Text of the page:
In her video for “The Pharmacy,” singer CrowJane appears as a demon with blank eyes and a mouth oozing black goo as she writhes in chains, her long, sharp fingernails nearly scratching herself as her shackled hands clench and release.
CrowJane (sometimes also credited as Heather Galipo) is best known for her work as guitarist for the goth-leaning, post-punk band Egrets on Ergot and vocalist for the noise rock outfit Prissy Whip. She’s also a makeup artist in the film industry, whose professional work includes special effects makeup. With her debut full-length, Mater Dolorosa, out on September 15, and its accompanying videos, CrowJane merges her aural and visual creative pursuits.
“I do this to so many people,” she says by phone from her home in Los Angeles. “It’s always good to get a taste of what it’s like to be in the makeup because then you remember, this kind of sucks. You can barely see. You can’t touch things. You have a bunch of black stuff in your mouth and it tastes gross.”
She worked with Paul Roessler, the musician and producer who has been active in the L.A. scene since the punk era, with credits that include The Screamers, Nina Hagen and 45 Grave.
The two first bonded when Roessler produced music for Egrets on Ergot. Galipo recalls Roessler bringing her into the studio and encouraging her to write songs. She had intended to stick with an acoustic guitar, but, as they worked, the music morphed into something experimental. They made percussion instruments and created tracks that would become rhythmic and atmospheric.
“It sort of started as a therapy session, to be honest,” says Galipo about the album. “It was a way to get through a battle with addiction and different hardships in my life having to do with abuse and the list could go on and on.”
Roessler became her “spiritual guide,” in addition to her producer, co-writer and friend, on what would be both a musical and personal journey (Galipo has now been sober for almost five years).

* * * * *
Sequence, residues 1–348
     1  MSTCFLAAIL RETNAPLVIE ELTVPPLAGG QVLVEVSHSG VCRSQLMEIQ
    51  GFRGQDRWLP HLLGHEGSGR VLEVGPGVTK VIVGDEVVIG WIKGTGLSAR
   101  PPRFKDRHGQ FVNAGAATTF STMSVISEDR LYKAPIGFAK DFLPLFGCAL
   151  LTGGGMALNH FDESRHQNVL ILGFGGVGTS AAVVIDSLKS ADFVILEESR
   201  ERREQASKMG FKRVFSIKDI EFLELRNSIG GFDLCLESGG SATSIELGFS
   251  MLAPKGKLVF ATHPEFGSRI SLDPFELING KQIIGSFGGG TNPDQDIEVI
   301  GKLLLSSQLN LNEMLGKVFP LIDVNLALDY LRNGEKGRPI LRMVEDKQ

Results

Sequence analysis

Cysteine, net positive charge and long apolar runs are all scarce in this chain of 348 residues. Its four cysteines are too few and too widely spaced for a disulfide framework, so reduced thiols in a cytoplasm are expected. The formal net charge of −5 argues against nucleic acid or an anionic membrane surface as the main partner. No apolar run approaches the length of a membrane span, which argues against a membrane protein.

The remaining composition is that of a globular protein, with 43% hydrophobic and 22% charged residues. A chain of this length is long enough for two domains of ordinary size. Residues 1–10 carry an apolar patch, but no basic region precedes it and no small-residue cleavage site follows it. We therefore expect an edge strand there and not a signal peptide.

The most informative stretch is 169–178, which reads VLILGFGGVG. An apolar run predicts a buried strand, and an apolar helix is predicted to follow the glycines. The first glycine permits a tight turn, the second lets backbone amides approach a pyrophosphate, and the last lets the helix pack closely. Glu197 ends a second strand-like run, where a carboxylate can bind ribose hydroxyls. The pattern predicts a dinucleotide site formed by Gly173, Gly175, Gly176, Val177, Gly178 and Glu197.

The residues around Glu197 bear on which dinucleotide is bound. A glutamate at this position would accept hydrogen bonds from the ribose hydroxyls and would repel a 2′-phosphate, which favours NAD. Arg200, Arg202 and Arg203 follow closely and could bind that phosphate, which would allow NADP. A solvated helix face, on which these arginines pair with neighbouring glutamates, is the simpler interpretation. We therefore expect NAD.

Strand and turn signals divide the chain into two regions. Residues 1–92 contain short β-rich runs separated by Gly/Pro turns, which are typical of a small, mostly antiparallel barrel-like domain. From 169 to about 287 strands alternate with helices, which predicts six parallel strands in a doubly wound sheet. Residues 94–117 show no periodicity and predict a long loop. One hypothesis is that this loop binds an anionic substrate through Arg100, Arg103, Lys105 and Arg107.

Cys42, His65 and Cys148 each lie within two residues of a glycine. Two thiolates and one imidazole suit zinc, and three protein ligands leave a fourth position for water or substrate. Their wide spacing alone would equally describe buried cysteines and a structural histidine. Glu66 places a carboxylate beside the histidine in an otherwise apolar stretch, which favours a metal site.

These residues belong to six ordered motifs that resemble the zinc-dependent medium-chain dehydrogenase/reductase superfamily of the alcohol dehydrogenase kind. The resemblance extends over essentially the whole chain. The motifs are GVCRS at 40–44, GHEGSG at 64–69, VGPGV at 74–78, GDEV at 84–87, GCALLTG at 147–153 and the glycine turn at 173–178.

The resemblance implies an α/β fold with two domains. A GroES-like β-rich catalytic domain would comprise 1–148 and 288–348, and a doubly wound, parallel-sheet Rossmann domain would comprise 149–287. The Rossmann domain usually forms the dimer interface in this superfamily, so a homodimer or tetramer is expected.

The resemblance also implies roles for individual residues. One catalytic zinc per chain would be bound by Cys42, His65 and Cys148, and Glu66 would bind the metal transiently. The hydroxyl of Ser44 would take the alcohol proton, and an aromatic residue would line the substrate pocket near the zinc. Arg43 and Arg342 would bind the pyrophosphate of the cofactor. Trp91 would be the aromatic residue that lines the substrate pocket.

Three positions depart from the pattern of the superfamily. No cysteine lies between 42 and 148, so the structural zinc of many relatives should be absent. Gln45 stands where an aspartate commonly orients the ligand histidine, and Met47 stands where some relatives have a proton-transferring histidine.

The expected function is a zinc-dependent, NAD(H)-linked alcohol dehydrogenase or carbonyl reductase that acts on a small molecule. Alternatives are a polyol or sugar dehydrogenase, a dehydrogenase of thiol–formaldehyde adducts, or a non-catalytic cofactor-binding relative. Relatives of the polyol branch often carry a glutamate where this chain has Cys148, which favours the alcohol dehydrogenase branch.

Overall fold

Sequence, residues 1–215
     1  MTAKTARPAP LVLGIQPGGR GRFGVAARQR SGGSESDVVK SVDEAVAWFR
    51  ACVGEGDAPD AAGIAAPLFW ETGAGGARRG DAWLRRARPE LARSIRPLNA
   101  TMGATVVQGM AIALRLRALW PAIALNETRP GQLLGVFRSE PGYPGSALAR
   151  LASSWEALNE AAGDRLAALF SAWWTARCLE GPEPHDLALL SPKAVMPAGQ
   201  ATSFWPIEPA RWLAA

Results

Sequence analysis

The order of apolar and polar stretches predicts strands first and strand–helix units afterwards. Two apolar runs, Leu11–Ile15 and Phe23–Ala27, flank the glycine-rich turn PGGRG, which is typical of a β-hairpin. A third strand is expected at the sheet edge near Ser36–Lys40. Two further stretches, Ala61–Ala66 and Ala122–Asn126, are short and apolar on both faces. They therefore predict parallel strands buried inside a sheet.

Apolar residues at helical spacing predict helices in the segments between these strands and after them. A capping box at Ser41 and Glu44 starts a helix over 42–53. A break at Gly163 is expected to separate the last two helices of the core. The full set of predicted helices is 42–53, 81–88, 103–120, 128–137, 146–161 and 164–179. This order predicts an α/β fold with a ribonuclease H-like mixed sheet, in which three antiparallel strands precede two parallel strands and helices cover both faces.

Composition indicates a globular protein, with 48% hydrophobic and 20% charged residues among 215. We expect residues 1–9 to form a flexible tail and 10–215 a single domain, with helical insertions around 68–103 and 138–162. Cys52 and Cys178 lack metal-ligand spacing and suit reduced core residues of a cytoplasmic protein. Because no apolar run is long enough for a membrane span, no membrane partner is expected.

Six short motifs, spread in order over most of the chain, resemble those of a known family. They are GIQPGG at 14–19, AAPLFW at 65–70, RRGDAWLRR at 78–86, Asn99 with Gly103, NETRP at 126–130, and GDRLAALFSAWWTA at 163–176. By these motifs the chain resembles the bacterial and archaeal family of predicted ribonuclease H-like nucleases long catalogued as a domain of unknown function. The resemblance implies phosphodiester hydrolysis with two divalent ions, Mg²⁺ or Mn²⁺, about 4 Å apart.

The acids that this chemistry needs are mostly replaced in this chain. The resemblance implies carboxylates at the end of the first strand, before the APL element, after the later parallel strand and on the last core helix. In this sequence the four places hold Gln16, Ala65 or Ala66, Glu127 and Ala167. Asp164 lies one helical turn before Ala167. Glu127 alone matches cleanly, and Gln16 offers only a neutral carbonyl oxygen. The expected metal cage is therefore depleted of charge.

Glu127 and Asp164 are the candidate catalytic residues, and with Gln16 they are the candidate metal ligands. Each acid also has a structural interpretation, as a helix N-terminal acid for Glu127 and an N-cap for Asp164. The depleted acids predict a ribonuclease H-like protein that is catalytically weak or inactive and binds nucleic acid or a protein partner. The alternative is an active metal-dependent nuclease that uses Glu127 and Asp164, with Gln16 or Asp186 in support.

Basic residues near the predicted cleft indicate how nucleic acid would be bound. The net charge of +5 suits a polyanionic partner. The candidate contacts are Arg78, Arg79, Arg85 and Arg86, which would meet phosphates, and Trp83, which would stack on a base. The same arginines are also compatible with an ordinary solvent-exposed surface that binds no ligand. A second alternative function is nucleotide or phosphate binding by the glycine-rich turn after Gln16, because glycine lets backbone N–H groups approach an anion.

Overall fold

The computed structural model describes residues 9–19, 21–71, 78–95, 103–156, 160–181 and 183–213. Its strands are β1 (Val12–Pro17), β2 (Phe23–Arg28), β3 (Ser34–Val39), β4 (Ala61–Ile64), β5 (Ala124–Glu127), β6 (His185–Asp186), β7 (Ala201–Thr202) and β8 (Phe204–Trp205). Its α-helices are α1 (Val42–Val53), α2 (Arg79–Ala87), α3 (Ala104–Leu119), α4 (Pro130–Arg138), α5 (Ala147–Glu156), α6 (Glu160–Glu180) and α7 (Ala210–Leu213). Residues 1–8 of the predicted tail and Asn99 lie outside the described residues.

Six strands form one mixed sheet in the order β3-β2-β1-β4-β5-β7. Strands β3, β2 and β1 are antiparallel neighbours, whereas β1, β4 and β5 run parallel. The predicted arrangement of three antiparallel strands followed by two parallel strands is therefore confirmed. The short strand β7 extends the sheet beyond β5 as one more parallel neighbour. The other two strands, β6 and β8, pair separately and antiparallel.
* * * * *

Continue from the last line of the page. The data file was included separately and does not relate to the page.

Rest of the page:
She had put those ten songs aside, though, while focusing on her other projects and they would stay on the back burner for several years. Then, when the COVID-19 pandemic hit in early 2020, she was left without work and had spare time on her hands. Galipo had considered releasing the album herself, but Roessler suggested that she try to work with a label. That led CrowJane to Kitten Robot, which is run by new wave singer Josie Cotton.
With the album release coming at a time when work is slim in the film world, CrowJane had friends join forces to (safely) make music videos.
The first of those clips, “Terminal Secrets,” was released in August and is an exercise in stop-motion animation, where CrowJane made masks of her own face. “I had never shot anything in stop-motion before and I really admire it,” she says. The clip was shot at 12 frames per second, as opposed to the usual 24 frames per second. “Even then, we would work for 10 hours or maybe a little less and then walk out of there with maybe 10 seconds of footage,” she says.
For a forthcoming video of her cover of James Brown’s song “Man’s World,” she used leftover prop hands to make a pet that looks like a hand in a snail shell. It’s her favorite piece that she’s made for the videos so far.
“Part of the reason that I got into makeup effects is because I was so in awe into what these people can create,” says Galipo. Having the opportunity to bring together her love of movie makeup and effects with her own music has been a special experience. “I get to exercise the muscles of all the things that I love to do creatively and it all comes together,” she says.
The timing of the album presented CrowJane with an opportunity to flex her visual art skills as part of the project in a way that might not have otherwise been possible. Also, the time that elapsed between recording the album and the release of it gave her a chance to reflect on the material. She says that the meaning of some of the lyrics have changed for her over the years.
“If I hear the words that I wrote, some of the things that I would write about my abusers, I realized that I was writing more about myself,” she says. “Now that I look back, it’s interesting to see how that progresses. I’m grateful for everything that I did. My life is in a much better place and I appreciate everything that art has given me.”
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